For hotels/more central location: If you are looking for a hotel that is located in the centre, here are the 5 best hotels in Salento (according to Trip Advisor). For location, price and cuteness, I’d choose Hotel Salento Real.
Gritty and groovy, Cali draws in foreigners for its famous salsa nightlife.
Take salsa classes
If you don’t want to turn up to Cali’s nightclubs with wooden hips, get some practice first. Salsa classes are as endemic in Cali as plantain but before you book, make sure there aren’t free classes on offer at your hostel or hotel.
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Wander the old town (San Antonio) (by day)
Some call San Antonio Cali’s hipster area. I wouldn’t go quite that far, but this enclave of winding streets is worth half a day’s exploration.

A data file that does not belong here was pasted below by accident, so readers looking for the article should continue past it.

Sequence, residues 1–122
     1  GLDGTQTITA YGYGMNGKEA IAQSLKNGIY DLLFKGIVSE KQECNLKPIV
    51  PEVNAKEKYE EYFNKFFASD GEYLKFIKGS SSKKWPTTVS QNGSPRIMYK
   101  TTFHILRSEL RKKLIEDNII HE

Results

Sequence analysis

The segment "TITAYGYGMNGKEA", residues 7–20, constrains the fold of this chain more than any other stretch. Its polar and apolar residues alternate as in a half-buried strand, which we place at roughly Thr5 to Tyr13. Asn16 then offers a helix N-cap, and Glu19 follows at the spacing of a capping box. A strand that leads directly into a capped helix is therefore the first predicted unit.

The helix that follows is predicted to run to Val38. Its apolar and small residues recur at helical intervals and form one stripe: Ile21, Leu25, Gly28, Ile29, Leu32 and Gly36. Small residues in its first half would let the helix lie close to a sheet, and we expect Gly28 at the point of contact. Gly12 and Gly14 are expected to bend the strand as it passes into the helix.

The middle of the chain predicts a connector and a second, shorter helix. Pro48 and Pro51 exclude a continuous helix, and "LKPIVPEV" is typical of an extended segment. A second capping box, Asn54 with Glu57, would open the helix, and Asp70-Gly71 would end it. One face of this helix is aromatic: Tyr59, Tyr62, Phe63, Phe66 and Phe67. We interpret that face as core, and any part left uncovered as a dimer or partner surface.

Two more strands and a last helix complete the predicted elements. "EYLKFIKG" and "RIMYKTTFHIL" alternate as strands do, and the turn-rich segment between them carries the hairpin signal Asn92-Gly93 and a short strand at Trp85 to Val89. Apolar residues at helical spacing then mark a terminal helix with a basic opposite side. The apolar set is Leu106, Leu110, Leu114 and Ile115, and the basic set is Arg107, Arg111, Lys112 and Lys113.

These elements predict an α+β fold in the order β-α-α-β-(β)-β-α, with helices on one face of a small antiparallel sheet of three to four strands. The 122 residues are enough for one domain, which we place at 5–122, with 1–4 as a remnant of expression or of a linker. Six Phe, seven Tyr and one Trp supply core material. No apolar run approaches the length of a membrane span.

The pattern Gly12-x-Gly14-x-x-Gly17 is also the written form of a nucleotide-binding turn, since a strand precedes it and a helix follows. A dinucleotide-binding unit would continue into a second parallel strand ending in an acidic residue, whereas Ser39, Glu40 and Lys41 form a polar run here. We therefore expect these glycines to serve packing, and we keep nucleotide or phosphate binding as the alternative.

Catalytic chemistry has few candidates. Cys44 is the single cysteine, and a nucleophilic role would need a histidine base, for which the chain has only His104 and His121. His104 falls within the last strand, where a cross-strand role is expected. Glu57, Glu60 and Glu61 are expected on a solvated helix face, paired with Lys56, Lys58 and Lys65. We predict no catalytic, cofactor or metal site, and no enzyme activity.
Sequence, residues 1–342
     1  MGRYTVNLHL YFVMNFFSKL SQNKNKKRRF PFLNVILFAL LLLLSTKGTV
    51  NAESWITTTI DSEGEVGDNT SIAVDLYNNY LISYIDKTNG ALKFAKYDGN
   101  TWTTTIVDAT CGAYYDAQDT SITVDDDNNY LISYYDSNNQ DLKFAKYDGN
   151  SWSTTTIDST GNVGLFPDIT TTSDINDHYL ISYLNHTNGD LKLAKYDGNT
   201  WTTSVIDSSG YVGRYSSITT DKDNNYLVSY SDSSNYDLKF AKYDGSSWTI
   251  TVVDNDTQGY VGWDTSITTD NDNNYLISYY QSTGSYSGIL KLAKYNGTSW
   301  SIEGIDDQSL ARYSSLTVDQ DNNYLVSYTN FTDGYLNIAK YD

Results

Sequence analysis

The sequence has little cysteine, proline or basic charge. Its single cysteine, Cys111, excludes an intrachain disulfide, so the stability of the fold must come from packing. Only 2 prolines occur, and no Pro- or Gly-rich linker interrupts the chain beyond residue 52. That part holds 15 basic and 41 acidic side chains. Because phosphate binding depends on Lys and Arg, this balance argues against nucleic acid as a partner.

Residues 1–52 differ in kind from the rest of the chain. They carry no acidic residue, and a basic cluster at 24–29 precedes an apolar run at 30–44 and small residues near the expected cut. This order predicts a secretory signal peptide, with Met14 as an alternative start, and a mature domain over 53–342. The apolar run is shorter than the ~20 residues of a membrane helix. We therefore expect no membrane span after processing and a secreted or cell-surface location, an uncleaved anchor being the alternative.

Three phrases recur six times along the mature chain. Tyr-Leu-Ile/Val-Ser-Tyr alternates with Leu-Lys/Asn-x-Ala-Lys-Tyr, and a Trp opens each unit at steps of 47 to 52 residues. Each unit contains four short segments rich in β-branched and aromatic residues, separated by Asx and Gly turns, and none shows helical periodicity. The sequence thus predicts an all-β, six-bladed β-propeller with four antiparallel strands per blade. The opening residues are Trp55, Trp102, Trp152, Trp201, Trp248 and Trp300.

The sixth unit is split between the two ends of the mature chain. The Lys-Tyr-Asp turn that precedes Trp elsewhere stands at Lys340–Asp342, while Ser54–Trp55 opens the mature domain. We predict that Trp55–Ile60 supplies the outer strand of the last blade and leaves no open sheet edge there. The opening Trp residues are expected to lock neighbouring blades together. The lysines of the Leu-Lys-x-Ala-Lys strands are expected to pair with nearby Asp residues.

In all honestly, it wasn’t until I was researching the crime statistics for an article about Safety in Mexico that I realised that Cali is currently number 4 on the list of the 50 most dangerous cities in the world (by homicide rates). Shoot-outs between gangs still happen at the malls and even wandering the streets during the day things felt more than a little sketchy – be careful while you’re in Cali and if a local says “don’t go there”…don’t go there.
Where to stay in Cali
On a budget: I tried two locations in Cali – first in San Antonio and later in a residential area (Santa Monica) and out of the two I felt much safer in the latter, especially after dark. In San Antonio, I was turned away from El Viajero by very rude staff who refused to honour my booking because I hadn’t made it through HostelWorld. They’d sold all their beds on that site and hadn’t bothered to check bookings made elsewhere. I ended up staying in a sweet (but empty) place a few doors down the street – sorry, can’t recall the name. I wouldn’t stay at El Viajero now if they paid me…though that’s a good example of cutting my nose off to spite my face because the hostel did sound fun inside. Sigh.